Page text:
October 3, 2022
Derek and Micayla Giffin first met as college students at the University of Tennessee at Martin. Derek grew up not far from the college campus on a farm that has been in his family for five generations. Micayla was raised on a farm in Missouri. Both were ag majors, so it was inevitable their paths would cross.
In 2017, the Giffins transitioned from college sweethearts to partners — in marriage and in business. Micayla joined Derek, alongside his father, Hoyt, and his cousin, Connor Arnold, on the Giffin family farm operation.
For many young producers, returning to the family farm comes with a unique dilemma. There is the desire to honor tradition and the hard work that built a successful business, paired with a need to carve out your own path. How do you preserve the farm’s legacy and continue to build a thriving family enterprise?
“The challenge for incoming farmers is to diversify or add to the operation,” Micayla said. “You could call it making the pie bigger. Instead of taking a slice of the existing pie, we’re trying to make it bigger. That’s been a challenge, but a good challenge. It has forced us to think outside the box and be innovative.”
For Derek and Micayla one answer was reintroducing cattle to Giffin Farms.
“When we first got married, we started selling retail beef. We saw that as a complement to our row crop operation and a good opportunity to network with our community. Our goal was to build a brand that we could use on social media while creating an online presence. We hoped that that would build some momentum for us, and I believe that is has,” Derek said. “That side of the business has really grown.”
“These days we just do custom beef, but it is the same idea. Adding value to our calves and taking that directly to the consumer,” Micayla added.
Reaching the community
As the Giffins connected with consumers through their retail beef business, their online community grew. They began using the opportunity to educate their audience about farm practices — particularly the environmentally sustainable ones.
“In the past five years cover crops have become a very important part of the way we’re trying to trend,” Derek said. “Some days cover crops require a very open mind, but I do believe we’re seeing some very positive aspects in the form of erosion control and reduction of inputs."
The Giffins have grazed winter wheat planted behind corn or soybean fields for five years. This year they also drilled a grass/legume cover crop mix in their pastures to improve the density and biomass.
These practices are documented on their social media accounts and blog. Visitors can watch a video of cattle grazing and learn how the process is improving soil health. They can see photos of cover crops and read pasture management techniques that the Giffins are exploring in their bid to continually improve herd health.
They have also partnered with a Farm to School program that works to better educate kids on the sources of their food, while providing healthy options in local school cafeterias.
“The advocacy they do for agriculture is fantastic,” said Dan Strasser, director of special programs with Tennessee Farm Bureau. “Their community involvement and influence has continued to be a big impact to farmers across the state.”
Community involvement, along with the success of their farm, helped propel the Giffins to earn the title of Tennessee Young Farmers of the Year in 2022. They travel to Puerto Rico this winter to compete on the national level.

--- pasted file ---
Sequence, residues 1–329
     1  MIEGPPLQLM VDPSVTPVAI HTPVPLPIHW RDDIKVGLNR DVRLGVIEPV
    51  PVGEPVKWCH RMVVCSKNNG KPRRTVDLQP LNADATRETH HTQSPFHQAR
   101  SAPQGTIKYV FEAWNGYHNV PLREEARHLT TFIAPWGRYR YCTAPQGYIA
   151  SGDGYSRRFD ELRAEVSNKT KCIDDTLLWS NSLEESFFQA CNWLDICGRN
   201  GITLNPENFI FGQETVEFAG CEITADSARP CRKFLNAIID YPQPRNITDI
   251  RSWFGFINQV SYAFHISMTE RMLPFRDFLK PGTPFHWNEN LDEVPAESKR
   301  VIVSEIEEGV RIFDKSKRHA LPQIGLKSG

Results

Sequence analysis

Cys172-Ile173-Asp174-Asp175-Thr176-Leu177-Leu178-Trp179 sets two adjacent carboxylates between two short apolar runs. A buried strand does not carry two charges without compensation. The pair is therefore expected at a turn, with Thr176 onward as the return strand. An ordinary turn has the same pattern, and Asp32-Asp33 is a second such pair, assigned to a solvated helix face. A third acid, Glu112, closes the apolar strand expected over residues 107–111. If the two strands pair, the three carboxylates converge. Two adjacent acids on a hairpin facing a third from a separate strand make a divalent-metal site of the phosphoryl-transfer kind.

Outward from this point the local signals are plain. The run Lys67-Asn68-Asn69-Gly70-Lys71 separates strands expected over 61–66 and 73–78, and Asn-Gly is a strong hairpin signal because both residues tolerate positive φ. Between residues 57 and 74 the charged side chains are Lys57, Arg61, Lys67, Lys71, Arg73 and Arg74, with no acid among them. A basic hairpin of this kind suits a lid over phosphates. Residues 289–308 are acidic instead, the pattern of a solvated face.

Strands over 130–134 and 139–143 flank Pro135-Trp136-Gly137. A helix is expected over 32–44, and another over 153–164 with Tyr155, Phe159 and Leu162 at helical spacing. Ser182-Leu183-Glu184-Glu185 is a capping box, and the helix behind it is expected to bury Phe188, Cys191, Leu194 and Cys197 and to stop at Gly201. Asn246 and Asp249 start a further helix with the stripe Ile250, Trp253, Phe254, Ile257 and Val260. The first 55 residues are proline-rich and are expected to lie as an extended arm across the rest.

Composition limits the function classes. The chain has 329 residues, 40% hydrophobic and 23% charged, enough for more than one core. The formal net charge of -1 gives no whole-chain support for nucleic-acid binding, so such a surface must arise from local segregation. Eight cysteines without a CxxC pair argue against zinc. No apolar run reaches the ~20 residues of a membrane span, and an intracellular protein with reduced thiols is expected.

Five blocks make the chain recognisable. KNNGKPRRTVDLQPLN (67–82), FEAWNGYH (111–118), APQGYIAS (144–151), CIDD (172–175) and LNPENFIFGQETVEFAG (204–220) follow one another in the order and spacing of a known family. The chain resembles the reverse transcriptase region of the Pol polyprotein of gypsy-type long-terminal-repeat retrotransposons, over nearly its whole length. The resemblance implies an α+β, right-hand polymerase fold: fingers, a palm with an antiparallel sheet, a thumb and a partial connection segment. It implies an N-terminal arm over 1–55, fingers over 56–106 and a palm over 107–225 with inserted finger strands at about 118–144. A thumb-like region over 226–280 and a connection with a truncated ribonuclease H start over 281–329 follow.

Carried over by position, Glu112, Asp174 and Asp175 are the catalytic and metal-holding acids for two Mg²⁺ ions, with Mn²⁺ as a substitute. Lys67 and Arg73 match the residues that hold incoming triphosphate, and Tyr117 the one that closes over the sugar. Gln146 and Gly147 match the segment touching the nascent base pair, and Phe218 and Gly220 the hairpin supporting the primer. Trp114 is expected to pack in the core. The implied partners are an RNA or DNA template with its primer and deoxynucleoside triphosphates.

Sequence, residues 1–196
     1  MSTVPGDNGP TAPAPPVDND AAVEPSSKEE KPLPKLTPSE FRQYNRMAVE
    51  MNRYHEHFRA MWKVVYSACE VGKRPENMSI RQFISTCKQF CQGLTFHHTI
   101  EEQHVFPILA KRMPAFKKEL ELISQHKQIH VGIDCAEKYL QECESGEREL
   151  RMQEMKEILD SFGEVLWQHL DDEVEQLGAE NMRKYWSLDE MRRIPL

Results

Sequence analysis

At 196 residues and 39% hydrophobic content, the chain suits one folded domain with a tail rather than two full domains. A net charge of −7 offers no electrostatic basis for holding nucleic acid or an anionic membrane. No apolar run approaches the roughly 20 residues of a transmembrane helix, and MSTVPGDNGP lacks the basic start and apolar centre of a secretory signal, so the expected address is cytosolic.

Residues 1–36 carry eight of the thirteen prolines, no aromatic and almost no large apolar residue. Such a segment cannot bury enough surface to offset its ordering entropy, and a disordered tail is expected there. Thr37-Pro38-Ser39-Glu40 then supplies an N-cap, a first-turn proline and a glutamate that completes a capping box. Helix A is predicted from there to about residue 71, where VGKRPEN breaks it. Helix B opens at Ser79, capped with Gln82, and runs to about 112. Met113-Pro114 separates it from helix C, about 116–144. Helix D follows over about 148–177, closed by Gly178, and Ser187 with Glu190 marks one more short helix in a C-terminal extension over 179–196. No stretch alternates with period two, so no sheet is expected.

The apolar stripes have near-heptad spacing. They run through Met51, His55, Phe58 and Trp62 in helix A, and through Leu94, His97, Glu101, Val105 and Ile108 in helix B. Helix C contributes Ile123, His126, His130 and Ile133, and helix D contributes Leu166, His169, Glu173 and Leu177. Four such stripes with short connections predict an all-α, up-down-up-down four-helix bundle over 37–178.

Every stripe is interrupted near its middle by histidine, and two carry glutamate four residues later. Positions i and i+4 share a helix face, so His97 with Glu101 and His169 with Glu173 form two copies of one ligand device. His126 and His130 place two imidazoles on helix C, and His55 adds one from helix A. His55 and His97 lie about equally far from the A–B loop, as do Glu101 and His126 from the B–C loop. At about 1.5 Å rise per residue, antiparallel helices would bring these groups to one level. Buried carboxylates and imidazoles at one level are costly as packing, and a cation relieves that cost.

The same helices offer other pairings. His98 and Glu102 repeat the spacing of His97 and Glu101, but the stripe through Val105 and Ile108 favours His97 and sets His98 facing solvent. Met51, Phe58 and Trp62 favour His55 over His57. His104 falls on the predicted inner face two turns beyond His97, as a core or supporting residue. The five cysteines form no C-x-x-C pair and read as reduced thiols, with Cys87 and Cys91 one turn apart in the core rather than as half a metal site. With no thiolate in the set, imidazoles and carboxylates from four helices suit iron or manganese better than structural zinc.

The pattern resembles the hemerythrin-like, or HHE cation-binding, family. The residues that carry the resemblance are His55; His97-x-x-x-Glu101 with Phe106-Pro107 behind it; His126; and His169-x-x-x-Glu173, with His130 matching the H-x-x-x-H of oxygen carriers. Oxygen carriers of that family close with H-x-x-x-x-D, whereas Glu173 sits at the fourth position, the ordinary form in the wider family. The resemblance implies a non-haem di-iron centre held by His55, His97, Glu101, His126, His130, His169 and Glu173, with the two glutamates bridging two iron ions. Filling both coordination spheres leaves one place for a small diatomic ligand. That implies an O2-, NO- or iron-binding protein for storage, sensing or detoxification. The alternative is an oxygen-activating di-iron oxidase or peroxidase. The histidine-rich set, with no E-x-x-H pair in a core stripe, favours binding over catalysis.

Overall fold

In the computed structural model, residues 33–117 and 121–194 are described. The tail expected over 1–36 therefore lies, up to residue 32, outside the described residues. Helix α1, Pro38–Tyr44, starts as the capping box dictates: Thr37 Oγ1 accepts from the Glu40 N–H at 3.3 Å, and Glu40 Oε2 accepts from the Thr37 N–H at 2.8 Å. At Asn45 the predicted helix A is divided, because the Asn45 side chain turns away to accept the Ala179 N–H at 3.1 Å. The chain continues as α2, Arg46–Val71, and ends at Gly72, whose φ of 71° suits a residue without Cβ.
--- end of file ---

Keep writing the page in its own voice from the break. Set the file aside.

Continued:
Working with your spouse
A unique aspect of the Giffin’s partnership is how they divide responsibilities. Derek manages the row crop side, while Micayla runs the cow/calf operation. Micayla also keeps most of the farm’s books and records.
“I think everyone has their own strengths, and when you can use those talents the entire farm benefits,” Derek said.
While Micayla has a fulltime job as a Farm Service Agency loan analyst, she’s back at the farm when the workday is over. She insists the couple does not experience “too much” togetherness.
“We don’t know what other couples talk about because we pretty much only talk about the farm,” she said with a laugh. “But it is such a great opportunity to know your spouse, set goals together, and work on those dreams together. I think all that togetherness, even if it is challenging at times, is good for us. Besides, if you can work cattle together, you can make it through anything!”
The next generation
Being a fifth-generation farm places the Giffins in an elite club. Farm legacy specialists estimate only 3% of farms remain in the same family past four generations.
“This farm means a lot to me. I love what I do, and our biggest goal is to build something worthy of passing down to the next generation. We want to give them the tools they need to create a life they love,” Derek said.
In 2021, the next generation arrived as Derek and Micayla welcomed their son, Everett. Now 16-months old, Micayla said Everett already exhibits love for the farm life as he loves to pet cows and “wants to drive everything.”
“Now that the next generation is here, it makes those goals and reasons why we do it so much more important,” Derek said.
About the Author(s)
Ginger Rowsey joined Farm Press in 2020, bringing more than a decade of experience in agricultural communications. Her previous experiences include working in marketing and communications with the University of Tennessee Institute of Agriculture. She also worked as a local television news anchor with the ABC affiliate in Jackson, Tennessee.
Rowsey grew up on a small beef cattle farm in Lebanon, Tennessee. She holds a degree in Communications from Middle Tennessee State University and an MBA from the University of Tennessee at Martin. She now resides in West Tennessee with her husband and two daughters.
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